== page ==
How To Rebuild Your Credit Report After Bankruptcy

Your credit report depends on how well you handle your debt. With every positive mark, the score rises and vice versa. If you had filed for Chapter 7 Business Bankruptcy, it is likely that your credit report is in shambles right now. While bankruptcy is a good option for debt relief, it has both advantages and disadvantages. 

However, you can still rebuild your life and your credit report after bankruptcy. You can again be eligible for loans to buy a new house, send your kids to college and buy a car. It is essential to follow certain tips to keep your credit report shining. 

Tips for rebuilding your credit report after bankruptcy 

  • Keep up with the payments that were not discharged by bankruptcy. 

Bankruptcy is a good debt relief option. It discharges many of your unsecured debt. However, there are certain debts that remain with you, and you need to continue to pay for them after the case closes. Such debt includes student loans and alimony payments.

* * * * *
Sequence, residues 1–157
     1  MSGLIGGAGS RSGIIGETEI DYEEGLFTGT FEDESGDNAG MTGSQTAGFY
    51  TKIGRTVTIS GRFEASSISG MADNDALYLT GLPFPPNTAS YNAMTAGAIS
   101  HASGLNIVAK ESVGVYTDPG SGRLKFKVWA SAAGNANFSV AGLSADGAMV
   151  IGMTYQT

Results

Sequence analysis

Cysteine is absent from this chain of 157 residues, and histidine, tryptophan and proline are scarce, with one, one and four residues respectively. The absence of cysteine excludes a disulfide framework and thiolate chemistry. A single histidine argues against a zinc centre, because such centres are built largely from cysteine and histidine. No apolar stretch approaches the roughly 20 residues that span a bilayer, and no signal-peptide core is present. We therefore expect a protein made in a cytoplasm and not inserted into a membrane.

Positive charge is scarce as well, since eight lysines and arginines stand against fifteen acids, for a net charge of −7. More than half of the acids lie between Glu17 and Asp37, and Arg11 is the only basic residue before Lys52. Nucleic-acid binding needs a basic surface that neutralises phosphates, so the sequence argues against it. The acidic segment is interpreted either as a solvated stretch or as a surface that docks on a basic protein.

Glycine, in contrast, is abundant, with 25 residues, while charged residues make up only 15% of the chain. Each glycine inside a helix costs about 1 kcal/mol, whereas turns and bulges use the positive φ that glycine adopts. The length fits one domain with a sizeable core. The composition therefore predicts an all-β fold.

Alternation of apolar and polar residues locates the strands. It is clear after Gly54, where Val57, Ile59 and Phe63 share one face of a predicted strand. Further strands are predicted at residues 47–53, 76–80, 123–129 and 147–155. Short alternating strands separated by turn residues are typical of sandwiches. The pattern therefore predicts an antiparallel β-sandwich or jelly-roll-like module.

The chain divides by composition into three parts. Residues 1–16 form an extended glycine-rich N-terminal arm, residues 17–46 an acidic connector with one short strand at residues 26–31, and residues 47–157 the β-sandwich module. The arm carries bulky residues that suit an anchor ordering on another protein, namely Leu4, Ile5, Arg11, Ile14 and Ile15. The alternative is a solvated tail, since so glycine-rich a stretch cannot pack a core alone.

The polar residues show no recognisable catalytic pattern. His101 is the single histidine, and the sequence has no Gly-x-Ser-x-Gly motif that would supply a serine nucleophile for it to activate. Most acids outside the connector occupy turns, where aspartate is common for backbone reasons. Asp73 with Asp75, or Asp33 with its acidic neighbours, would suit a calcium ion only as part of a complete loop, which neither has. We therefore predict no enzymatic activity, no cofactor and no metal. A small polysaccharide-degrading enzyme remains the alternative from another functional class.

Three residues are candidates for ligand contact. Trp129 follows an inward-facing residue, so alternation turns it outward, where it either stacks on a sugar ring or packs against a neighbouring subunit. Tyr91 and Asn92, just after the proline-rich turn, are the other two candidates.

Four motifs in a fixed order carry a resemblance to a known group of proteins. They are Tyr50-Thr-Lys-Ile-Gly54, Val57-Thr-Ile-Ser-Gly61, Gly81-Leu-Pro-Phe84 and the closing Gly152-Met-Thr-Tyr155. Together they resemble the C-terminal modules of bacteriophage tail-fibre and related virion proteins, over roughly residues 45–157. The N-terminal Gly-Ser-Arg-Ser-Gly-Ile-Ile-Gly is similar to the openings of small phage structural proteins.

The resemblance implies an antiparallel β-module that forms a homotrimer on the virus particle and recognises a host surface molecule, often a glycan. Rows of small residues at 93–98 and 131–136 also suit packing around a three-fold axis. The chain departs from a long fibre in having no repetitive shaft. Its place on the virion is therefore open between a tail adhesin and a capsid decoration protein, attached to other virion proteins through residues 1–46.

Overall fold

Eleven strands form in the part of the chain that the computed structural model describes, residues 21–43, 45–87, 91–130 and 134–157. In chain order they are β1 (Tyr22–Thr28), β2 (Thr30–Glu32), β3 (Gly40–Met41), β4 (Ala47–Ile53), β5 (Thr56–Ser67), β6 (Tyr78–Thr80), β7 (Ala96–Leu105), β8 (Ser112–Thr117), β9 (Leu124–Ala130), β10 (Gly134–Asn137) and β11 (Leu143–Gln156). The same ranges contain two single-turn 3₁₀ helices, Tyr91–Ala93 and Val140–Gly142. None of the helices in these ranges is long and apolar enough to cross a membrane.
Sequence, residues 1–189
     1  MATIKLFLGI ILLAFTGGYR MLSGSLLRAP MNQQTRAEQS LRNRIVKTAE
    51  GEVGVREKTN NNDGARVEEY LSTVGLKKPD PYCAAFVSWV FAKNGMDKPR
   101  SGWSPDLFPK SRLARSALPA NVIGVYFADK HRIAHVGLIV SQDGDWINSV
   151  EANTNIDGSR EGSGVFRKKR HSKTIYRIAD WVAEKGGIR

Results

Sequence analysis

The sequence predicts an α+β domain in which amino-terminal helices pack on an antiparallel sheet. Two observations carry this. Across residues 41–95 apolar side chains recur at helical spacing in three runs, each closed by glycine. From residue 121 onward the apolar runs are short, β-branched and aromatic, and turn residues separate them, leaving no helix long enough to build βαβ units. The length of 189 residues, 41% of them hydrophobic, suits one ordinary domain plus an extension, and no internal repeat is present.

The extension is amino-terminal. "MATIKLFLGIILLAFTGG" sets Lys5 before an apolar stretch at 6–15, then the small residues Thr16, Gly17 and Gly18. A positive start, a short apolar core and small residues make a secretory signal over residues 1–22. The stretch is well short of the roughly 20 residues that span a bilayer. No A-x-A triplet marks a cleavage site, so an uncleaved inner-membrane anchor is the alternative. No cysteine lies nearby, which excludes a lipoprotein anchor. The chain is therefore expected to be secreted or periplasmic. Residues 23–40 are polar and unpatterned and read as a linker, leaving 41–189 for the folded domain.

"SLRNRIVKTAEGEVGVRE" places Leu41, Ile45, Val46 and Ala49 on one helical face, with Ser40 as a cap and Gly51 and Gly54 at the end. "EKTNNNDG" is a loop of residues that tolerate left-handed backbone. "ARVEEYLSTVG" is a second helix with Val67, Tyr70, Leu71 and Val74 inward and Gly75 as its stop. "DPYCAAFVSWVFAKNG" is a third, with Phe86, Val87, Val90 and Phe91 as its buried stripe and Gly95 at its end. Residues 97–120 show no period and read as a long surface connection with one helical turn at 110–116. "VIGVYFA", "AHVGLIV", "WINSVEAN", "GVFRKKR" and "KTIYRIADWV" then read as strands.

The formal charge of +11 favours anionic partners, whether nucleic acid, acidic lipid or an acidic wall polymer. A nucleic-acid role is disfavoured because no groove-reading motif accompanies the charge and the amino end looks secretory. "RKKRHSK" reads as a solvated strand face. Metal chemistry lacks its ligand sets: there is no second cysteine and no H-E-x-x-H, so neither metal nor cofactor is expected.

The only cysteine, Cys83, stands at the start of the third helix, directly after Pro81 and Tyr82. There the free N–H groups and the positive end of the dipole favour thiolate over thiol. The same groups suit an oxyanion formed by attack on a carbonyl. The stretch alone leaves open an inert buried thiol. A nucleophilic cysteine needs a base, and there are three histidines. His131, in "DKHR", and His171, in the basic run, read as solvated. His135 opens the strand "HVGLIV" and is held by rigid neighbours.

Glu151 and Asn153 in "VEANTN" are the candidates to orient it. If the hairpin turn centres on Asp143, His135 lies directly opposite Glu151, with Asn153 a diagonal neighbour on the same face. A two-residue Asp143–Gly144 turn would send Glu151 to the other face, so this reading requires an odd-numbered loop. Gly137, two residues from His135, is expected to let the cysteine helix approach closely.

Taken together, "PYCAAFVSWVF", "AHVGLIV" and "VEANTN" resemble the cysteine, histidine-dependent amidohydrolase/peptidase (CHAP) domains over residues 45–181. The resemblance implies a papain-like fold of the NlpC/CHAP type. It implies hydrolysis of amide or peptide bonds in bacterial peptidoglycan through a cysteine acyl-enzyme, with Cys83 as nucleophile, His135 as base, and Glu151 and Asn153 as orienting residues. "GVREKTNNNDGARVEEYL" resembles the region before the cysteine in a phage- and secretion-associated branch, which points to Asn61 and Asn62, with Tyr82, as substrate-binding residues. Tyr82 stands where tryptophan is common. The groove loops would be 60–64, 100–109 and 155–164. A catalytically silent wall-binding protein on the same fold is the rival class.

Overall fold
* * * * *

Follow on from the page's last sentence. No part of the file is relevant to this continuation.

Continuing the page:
While your credit report is already ruined for the next ten years, you can still work to make things better. Keep making the payments on time. 

  • Monitor your credit score. 

Bankruptcy will make you lose many points from your credit score, maybe 200 or more. However, it is possible to work on it and improve the score with time. Practice healthy credit habits and check your credit score every month. Several credit card companies also offer free credit score updates. 

To avoid worsening the score, keep checking your credit report to recognize any red flags. Identify the areas where you go wrong and improve. 

  • Create an emergency savings fund. 

Many people end up in debt because they do not have an emergency savings fund for sudden expenses like medical emergencies or repair bills. An emergency fund ensures you have some money saved to deal with unexpected costs. Put some money from your monthly income into this fund, just like other funds. 

Remember only to use these funds when you absolutely have to. Do not open it for your luxury but unnecessary expenses, like going on an abroad trip or buying a new car when you already have a working one. 

  • Avoid job hopping. 

While frequently changing jobs does not directly affect your credit score, it can still cause lenders to think you do not have a stable income. They want to know that you have a stable income and can pay off their loans. They might not give you a loan if you give the wrong impression.